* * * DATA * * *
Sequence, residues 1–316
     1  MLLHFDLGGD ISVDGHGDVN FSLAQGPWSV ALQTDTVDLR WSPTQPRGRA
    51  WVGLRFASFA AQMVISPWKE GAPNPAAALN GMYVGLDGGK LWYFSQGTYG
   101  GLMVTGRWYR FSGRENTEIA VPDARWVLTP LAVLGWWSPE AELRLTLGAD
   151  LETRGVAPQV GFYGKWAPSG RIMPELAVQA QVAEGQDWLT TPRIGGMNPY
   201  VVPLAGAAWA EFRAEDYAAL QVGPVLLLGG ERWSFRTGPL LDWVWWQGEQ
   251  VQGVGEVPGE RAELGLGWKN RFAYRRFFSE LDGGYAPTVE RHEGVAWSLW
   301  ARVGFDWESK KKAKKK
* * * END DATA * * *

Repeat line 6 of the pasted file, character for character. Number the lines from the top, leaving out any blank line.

   201  VVPLAGAAWA EFRAEDYAAL QVGPVLLLGG ERWSFRTGPL LDWVWWQGEQ